What are Computer Viruses? How do Computer Viruses work?
Everyone talks about computer viruses. There are regular warnings about PC viruses that can silently spread to your computer and cause great damage. But what exactly is a computer virus? What are the chances of eliminating one? And what kind of protection is really effective against them?
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Computer Virus definition
The word virus comes from Latin and means “poison” or “slime.” Unpleasant as these terms are, they well describethe consequences when a computer virus infects your PC. In the worst case, a virus can cause a complete system failure.
The origins of the computer virus can be traced back to Fred Cohen, an American who programmed the first PC virus in 1983. It could penetrate other applications and programs almost unnoticed and then spread to other machines. While today Fred Cohen is not a hacker, but a researcher and professor of computer security at the University of New Haven in West Haven, the viral code he developed laid the foundation for many dangerous computer viruses known today.
How does a computer virus really work? Technically, a computer virus is a self-propagating computer program. What is special about viruses, compared with other forms of malware, is that they can spread to your PC without your consent.* A computer virus infiltrates other computer programs and spreads to infect other systems, and it can cause changes to the operating system or damage to other programs. In the process, the end user often suffers data loss or even damage to the hardware. Unlike so-called computer worms, a computer virus usually only spreads locally, much more slowly and therefore causes less damage overall.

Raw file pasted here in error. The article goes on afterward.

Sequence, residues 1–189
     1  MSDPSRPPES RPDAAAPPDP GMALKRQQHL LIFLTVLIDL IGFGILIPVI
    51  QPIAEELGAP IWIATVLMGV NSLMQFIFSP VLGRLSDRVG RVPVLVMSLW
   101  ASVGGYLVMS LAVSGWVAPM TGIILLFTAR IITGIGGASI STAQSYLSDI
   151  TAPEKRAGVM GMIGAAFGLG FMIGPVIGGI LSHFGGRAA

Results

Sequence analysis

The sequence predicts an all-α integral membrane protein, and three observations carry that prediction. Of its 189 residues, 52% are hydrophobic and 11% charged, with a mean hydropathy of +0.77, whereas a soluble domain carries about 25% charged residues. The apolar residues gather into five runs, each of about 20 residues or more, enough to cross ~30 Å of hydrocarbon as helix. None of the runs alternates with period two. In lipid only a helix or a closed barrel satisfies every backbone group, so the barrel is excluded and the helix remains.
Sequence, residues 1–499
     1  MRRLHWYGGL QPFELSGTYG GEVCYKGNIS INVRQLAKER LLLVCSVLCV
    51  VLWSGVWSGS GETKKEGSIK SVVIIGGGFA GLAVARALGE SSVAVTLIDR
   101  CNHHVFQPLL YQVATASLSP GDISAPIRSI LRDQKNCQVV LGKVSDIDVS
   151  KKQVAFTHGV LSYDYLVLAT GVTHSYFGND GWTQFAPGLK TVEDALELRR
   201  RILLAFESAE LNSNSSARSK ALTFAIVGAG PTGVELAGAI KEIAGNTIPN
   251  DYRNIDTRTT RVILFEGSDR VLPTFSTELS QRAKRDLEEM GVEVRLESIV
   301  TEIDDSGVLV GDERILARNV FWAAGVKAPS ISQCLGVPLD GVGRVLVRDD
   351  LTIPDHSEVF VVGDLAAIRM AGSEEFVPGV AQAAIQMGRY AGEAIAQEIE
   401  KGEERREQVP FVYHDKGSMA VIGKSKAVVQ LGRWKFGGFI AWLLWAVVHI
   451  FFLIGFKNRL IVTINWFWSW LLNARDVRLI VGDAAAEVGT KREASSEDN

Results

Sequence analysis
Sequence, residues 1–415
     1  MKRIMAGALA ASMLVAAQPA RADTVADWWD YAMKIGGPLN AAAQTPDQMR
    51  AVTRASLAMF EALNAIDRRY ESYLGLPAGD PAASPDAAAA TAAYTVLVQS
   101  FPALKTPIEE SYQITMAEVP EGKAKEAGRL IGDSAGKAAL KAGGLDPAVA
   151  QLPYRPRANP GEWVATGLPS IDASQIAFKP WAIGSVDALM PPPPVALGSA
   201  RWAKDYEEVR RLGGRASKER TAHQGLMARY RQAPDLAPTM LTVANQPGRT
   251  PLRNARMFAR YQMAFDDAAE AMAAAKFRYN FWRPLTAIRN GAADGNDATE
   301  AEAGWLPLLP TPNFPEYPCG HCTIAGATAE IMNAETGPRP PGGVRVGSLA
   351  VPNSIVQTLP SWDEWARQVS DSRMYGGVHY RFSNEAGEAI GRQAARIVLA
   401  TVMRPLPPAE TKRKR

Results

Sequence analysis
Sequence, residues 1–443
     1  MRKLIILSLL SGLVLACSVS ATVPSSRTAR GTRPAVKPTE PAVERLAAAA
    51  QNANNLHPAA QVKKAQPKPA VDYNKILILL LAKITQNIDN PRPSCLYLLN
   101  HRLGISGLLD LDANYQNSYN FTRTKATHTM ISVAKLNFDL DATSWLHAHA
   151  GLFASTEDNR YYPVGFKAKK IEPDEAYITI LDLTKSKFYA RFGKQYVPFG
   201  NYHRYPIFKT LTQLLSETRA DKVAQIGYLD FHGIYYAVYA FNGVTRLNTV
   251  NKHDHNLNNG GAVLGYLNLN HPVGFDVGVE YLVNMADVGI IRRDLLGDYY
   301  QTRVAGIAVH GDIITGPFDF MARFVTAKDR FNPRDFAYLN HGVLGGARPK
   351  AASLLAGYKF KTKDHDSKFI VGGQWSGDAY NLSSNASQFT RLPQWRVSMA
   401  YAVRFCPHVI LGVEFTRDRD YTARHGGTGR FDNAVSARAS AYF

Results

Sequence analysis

How Computer Viruses are made
How is a computer virus created and what is it used for? First of all, computer viruses do not develop on their own, but are programmed, usually to deliberately damage computers, systems or even entire networks.
However, the first computer viruses in history were comparatively harmless. The first known viruses, such as the Creeper virus (1971) or the Ika-Tako virus, were programmed simply to annoy people or draw attention to themselves.
However, other computer viruses that emerged over the years were designed to inflict extreme damage on their recipients.
In addition, there are “well-intentioned” viruses, whose programmers* aim to discover security holes in the systems of certain companies or even in governments. In contrast, the aim is to improve security measures so they can withstand the attack of a PC virus that has more malicious intentions in the future.